Category Archives: Mansfield Park

Family squabbling

I’m actually headed out today to North Carolina for a long Thanksgiving break.  Can’t wait to have everyone together.

Today’s quote is from my Jane Austen Society desk calendar:

“Family squabbling is the greatest evil of all. . . “

Mansfield Park, volume 1, chapter 13

I expect a lot of merriment, actually (and an awful lot of eating) and not so much squabbling, except among the little ones, who can’t really help themselves.

I’ll be taking a break from posting here for the rest of the week, back on Monday.  Happy Thanksgiving to all my US readers!


Filed under Family, Mansfield Park

On pugs and children

My little girl (my English Lab) Bess was up sick all night last night, so we made many trips outside in the wee hours.  (No pun intended.)  She’s such a love, but sick or not, she seems to love sleeping during the day and not sleeping so much at night, which is leaving me rather incoherent.  Then I had to drop her off at the vet to be spayed, and it’s so quiet here, without her snoring at my feet.

At any rate, here’s to the love of dogs, even if Lady Bertram’s Pug is ridiculously spoiled.

“She was a woman who spent her days in sitting, nicely dressed, on a sofa, doing some long piece of needlework, of little use and no beauty, thinking more of her pug than her children…”

Of Lady Bertram
Mansfield Park, volume 1, chapter 2


Filed under Character description, Dogs, Lady Bertram, Mansfield Park

Jane on Mansfield Park

“Henry’s approbation hitherto is even equal to my wishes; he says it is very different from the other two, but does not appear to think it at all inferior.  He has only married Mrs. R.  I am afraid he has gone through the most entertaining part.–He took to Lady B. & Mrs. N. most kindly, & gives great praise to the drawing of the Characters.  He understands them all, likes Fanny & I think foresees how it will all be.”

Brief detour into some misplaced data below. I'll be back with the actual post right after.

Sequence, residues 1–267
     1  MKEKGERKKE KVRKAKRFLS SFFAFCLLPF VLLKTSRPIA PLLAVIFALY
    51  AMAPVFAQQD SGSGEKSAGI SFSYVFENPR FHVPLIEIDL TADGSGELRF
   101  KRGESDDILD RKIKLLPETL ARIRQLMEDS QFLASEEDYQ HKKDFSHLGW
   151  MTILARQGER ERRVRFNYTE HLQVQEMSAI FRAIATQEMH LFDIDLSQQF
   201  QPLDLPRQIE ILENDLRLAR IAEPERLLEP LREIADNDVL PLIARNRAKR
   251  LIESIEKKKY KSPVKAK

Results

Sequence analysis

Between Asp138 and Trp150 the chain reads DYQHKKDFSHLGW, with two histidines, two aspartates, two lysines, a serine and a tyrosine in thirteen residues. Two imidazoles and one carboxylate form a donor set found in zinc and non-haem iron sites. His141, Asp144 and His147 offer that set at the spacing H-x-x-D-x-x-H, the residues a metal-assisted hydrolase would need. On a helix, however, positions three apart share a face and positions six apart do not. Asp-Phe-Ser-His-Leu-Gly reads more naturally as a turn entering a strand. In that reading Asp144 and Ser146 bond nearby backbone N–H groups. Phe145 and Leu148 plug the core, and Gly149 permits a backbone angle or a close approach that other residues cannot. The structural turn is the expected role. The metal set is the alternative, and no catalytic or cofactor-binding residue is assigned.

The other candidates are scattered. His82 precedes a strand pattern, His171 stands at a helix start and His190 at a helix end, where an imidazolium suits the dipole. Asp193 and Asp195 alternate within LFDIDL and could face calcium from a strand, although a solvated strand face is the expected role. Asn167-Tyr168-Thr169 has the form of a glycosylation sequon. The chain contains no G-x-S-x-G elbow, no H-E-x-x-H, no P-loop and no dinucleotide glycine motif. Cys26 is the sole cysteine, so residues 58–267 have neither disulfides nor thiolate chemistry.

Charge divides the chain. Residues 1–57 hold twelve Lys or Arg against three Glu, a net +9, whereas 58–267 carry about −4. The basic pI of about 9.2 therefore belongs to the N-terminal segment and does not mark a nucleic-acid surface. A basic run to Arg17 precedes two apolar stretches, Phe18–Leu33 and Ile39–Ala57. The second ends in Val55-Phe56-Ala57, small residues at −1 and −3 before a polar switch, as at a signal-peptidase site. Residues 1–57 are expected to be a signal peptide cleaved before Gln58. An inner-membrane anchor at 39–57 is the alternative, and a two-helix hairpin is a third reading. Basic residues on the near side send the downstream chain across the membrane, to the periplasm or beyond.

letter to Cassandra
March 2, 1814 [97]

Jane had just come to London with her brother Henry, and they had read Mansfield Park along the way.  The previous two books she refers to are Sense and Sensibility and Pride and Prejudice, which were published first.

Jane was writing from Henry’s home here at Henrietta Street in Covent Garden — now a clothing store.

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Filed under Austen family, brother Henry, Letters, Mansfield Park, Writing

On the subject of marriage

“‘I pay very little regard,’ said Mrs. Grant, ‘to what any young person says on the subject of marriage.  If they profess a disinclination for it, I only set it down that they have not yet seen the right person.'”

Mansfield Park, volume 1, chapter 4

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Filed under Mansfield Park, Marriage, Mrs. Grant

A match-making sister

“She had not waited her arrival to look out for a suitable match for her; she had fixed on Tom Bertram; the eldest son of a Baronet was not too good for a girl of twenty thousand pounds, with all the elegance and accomplishments which Mrs. Grant foresaw in her; and being a warm-hearted, unreserved woman, Mary had not been three hours in the house before she told her what she had planned.”

Mrs. Grant matchmaking for her sister Mary
Mansfield Park, volume 1, chapter 4

Of course, Tom Bertram was a fool, in addition to being the eldest son of a baronet.  (And, of course, Mary proves to have her own foolish tendencies as well.)

The image is from the new version of MP starring Billie Piper, which will run on the Masterpiece Theatre Complete Jane Austen Season starting in January.

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Filed under Mansfield Park, Marriage, Mary Crawford, Money, Money and Marriage, Mrs. Grant, Tom Bertram